Pittsfield and became a renowned corporate railroad attorney in
Michigan, associating with the likes of President Abraham
Lincoln and Secretary of War, Edwin M. Stanton. He wrote an
article for the New Hampshire Patriot explaining the mysterious
happenings in the Red House, and claimed that “the occurrences
were witnessed by many people ‘whose veracity would not be
suspected.’” Mr. Joy claimed that many of the events were
witnessed by six or eight spectators and that “there can be no
doubt of the truth of these things.” They happened “in a family
of unblemished and unsuspected character.” Another writer noted
that hundreds of people came from miles around to see the sight,
some from as far away as 30 or 40 miles. Many, he claimed,
visited the house with a determination not to believe the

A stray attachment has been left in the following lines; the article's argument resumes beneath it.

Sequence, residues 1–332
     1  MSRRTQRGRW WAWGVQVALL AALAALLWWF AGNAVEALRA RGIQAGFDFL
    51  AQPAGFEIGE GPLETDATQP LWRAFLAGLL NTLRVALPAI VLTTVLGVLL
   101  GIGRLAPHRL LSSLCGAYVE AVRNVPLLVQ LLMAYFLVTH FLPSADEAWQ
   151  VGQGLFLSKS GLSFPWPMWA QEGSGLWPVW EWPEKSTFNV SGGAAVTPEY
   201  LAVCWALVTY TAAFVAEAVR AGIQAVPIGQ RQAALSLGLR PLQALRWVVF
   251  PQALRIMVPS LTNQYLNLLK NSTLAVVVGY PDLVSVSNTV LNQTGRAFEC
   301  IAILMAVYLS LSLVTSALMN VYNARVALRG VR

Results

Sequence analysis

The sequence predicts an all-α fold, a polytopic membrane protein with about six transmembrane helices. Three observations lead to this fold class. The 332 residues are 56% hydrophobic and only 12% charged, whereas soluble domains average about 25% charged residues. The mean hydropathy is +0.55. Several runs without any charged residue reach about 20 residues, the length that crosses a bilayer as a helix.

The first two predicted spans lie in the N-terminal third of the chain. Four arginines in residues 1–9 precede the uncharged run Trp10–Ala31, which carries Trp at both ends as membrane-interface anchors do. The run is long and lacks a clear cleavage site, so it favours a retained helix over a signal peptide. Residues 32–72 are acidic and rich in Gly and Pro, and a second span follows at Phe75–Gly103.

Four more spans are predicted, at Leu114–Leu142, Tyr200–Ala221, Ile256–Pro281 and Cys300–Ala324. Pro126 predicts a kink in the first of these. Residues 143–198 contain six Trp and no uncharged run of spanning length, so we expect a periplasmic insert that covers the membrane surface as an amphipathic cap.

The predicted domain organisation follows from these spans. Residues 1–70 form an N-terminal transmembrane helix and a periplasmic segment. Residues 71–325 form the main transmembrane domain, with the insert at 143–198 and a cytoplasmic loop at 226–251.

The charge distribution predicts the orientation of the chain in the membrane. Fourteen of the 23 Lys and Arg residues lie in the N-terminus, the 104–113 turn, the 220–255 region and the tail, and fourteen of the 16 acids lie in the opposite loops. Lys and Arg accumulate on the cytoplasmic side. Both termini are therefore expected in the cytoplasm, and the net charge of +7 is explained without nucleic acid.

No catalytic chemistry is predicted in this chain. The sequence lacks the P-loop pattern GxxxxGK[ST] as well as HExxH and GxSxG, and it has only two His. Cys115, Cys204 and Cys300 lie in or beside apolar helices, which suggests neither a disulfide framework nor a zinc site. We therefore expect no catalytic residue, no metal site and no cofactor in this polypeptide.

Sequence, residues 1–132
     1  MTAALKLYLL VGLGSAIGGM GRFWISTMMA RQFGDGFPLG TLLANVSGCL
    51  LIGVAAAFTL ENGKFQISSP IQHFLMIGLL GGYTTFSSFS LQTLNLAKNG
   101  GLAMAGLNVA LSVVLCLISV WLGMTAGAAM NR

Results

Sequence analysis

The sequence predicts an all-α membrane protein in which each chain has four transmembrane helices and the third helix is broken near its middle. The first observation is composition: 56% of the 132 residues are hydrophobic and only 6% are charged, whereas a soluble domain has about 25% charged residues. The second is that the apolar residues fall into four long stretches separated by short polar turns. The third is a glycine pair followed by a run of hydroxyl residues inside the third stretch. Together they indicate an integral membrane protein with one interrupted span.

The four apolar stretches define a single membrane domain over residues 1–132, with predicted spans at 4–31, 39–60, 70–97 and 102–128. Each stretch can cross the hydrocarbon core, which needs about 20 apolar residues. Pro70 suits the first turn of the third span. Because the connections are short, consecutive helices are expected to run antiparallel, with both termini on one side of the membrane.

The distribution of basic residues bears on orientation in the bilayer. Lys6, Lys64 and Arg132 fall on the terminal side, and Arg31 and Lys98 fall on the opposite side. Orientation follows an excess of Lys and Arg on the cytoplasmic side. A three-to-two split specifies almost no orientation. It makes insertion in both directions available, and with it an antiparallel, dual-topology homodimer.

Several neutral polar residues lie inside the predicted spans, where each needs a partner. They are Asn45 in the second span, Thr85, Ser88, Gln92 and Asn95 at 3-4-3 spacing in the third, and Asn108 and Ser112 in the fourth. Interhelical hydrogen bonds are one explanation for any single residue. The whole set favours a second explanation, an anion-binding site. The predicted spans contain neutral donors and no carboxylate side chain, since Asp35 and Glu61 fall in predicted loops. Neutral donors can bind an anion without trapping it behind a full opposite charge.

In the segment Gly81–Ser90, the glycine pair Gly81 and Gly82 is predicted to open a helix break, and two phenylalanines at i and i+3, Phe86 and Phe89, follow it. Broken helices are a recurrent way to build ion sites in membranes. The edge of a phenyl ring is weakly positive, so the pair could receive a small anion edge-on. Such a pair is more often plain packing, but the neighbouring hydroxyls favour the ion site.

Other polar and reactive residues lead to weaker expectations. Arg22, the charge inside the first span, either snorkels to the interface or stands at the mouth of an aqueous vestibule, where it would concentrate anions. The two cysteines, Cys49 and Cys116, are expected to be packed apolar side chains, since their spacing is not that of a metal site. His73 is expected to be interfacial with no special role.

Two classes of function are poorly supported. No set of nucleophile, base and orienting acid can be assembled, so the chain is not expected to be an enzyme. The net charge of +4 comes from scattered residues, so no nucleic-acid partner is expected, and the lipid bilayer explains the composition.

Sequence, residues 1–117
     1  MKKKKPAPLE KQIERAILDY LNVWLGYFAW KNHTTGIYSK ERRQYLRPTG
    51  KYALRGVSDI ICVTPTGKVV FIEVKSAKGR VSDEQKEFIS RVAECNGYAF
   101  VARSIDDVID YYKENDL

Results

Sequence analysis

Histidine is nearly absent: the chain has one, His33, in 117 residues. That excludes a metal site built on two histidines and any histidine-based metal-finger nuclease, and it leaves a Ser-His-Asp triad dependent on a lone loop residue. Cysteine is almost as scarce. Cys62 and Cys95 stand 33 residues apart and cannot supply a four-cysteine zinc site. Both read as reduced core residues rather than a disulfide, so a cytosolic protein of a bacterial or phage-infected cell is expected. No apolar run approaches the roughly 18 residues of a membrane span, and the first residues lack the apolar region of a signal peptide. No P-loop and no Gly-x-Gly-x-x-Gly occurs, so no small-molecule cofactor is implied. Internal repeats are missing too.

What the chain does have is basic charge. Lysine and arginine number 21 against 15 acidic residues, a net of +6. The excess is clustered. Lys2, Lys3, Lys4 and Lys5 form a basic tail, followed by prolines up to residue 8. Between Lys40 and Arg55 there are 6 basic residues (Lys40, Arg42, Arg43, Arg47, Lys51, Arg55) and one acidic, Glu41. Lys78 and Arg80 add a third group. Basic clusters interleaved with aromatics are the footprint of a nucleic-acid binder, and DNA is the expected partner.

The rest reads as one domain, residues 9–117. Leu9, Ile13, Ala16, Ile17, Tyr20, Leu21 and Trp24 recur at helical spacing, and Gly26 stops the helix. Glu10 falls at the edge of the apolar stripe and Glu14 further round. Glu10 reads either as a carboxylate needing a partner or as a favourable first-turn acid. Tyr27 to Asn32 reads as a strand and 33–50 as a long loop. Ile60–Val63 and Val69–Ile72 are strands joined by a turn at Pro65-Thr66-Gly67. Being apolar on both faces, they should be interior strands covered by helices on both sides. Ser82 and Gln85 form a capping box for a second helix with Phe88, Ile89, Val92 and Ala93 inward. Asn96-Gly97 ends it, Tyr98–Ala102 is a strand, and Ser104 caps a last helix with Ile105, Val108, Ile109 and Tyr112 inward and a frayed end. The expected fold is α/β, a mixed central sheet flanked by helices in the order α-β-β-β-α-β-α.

occurrences but “became convinced of the fact that meat, bread
and dishes did fly without any visible agency.”
Peltiah Priest, who was employed in the Joy Scythe Factory
nearby, his wife, a servant girl and another family lived in the
house. One evening Mrs. Priest arose from asleep and ventured to
a far part of the house. She heard footsteps following her and
someone whispering. But no one was there. The following day
began the saga of a mysterious door latch in a small room with
only one door. Over the latch was a button of wood attached to
the door by a screw through one end. By turning the button it
would hold the down the latch, locking the door. Many things
were deposited in the room so access was needed frequently.
However, it kept locking with no one inside and the room had to
be accessed through an outside window. At first it was thought
that the screw had come loose so it was tightened so that it
would be hard to turn with fingers. It did no good. Then a nail
was driven into the door at the side of it but it was repeatedly
either drawn out or broken off and the whole or part laid on a
shelf on the opposite side of the room, and the door fastened
next morning the chairs and tables were turned directly upside
down. Crockery fell from the cupboard, passed over the heads of
spectators and crashed, broken on the floor. The beds were made
but as soon as the mistress of the house turned her back they